Political Transitions and Economic Policy-architecture in Zimbabwe: 2008-2018

19 Jan, 2020 - 00:01 0 Views
Political Transitions and Economic Policy-architecture in Zimbabwe: 2008-2018 Former president Robert Mugabe and President ED Mnangagwa

The Sunday News

Richard Mahomva

The birth of the Government of National Unity (GNU) in 2009 influenced a wide range of debates on the democracy question in Zimbabwe. 

The formation of the GNU between Zanu-PF and MDC-T marked a significant transitional epoch which was never anticipated in Zimbabwe considering the long history of antagonism between Zanu-PF and the MDC formations. Chigora and  Guzura (2011) problematise the Zimbabwean GNU model as a source for wrong precedence in the promotion of democracy in Zimbabwe. 

This proposition is perceived as a negation of democracy as political elites forego elections outcomes to rectify political stalemates through power sharing arrangements. The fears raised by Chigora and Guzura (2011) on democratisation ignores the centrality of the economic policy-making dynamics involved in the transitional politics such as that of the GNU. This knowledge gap becomes more pronounced when one considers that it was during that period when the Economic Indigenisation and Empowerment Policy (EIEP) was aggressively implemented to challenge the opposition conceived Short-Term Emergency Recovery Programme (STERP). 

The EIEP derived its power from the Economic Indigenisation and Economic Empowerment Act (2007). The legislation offered a 51% mining and industrial ownership share for the black majority.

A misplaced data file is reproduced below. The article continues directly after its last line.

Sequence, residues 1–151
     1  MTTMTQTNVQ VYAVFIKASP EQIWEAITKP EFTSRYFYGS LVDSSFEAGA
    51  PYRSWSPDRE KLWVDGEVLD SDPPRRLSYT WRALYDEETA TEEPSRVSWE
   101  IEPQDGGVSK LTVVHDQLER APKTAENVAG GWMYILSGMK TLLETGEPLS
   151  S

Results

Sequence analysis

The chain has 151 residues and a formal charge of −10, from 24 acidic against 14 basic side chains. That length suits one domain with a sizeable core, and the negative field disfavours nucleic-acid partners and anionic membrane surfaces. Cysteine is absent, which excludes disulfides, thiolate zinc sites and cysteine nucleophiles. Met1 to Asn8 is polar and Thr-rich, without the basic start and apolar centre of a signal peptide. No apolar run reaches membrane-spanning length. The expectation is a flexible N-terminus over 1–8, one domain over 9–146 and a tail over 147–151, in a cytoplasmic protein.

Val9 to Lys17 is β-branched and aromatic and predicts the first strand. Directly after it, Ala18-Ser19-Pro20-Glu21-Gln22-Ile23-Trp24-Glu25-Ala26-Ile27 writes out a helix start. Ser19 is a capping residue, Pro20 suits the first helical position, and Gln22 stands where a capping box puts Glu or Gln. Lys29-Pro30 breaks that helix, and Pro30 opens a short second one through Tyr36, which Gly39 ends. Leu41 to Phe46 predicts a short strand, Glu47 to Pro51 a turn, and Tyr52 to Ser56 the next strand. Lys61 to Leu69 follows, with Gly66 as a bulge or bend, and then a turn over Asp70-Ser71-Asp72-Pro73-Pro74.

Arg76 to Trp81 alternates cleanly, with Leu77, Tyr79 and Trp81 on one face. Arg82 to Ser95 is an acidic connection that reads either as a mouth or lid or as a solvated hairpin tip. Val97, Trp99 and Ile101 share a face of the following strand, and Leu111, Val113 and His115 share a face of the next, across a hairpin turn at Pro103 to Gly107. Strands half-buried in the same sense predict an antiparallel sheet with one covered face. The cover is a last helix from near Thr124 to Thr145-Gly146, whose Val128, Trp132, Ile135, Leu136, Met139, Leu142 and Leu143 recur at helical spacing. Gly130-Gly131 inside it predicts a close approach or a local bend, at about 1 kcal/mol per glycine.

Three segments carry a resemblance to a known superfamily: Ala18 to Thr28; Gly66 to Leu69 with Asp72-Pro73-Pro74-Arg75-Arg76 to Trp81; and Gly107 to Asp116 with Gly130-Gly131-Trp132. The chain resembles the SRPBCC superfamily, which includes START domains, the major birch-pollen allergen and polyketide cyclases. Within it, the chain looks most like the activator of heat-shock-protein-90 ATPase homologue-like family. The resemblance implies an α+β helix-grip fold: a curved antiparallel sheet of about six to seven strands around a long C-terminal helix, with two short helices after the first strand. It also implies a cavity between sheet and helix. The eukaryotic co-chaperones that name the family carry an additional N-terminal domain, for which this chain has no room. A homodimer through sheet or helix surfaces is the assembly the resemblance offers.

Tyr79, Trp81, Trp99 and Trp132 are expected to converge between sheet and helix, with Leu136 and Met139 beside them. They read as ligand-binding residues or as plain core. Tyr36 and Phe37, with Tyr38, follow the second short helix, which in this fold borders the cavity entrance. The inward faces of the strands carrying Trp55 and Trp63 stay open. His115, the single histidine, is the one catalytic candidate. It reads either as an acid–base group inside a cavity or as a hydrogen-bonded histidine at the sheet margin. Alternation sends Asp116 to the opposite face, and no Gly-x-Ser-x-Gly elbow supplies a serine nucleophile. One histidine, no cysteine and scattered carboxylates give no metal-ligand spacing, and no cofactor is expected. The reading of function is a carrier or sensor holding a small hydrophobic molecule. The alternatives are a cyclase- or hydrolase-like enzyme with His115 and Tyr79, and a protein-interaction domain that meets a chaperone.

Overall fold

The ruling Zanu-PF repositioned its power and authority under the GNU of 2009-2013. This policy consolidated Zanu-PF’s power and made way for Zanu-PF to win the 2013 election.

After the 2013 election, Zanu-PF introduced the Zimbabwe Agenda for Sustainable Socio-Economic Transformation (Zim Asset). This economic policy was grounded on a cluster based Plan. The policy purported to be initiated with a view to fully exploit the internal relationships and linkages that existed between the various facets of the economy. 

These clusters are were as follows:

– Food Security and Nutrition;

– Social Services and Poverty Eradication;

– Infrastructure and Utilities;

– Value Addition and Beneficiation.

Zim Asset also had two sub-clusters namely, Fiscal Reform Measures and Public Administration, Governance and Performance Management.

Mlambo (2010) gives an overview of elections, liberation movements and prospects for democracy in Southern Africa, paying attention to Zimbabwe. The “Zimbabwe crises” is analysed in a way to understand how its challenges have spilled over to other countries within the region. The studies by the duo, Mlambo (2010) and Raftopolous (2013) tally with Chigora and Guzura (2011) in articulating how Zanu-PF used the GNU to bolster its power and outwitted the opposition parties.

Raftopolous (2015) engages on land, Indigenisation and development in Zimbabwe under the vantage of Robert Mugabe as a key figure in making economic transfer of power a key feature of his rule. It was on this pretext that economic policies punctuated election life-cycles during the Mugabe era. While concept of radical economic power transfer is widely analysed using the prism of Mugabeism, Alois Mlambo (2010) offers a genealogical overview of economic nationalism in pre and post independent Zimbabwe casting his analysis across Africa. Mugabeism is believed to be a philosophy which championed black economic empowerment. This was resultant of the resolute land reform and indigenisation policies which were instituted by Robert Mugabe as a way of delinking Zimbabwe from the West following the strained relations between the United Kingdom and Zimbabwe. This trajectory re-organised Zanu-PF to a pro-black economic political party while the opposition advanced neo-liberal “property rights” protection politics.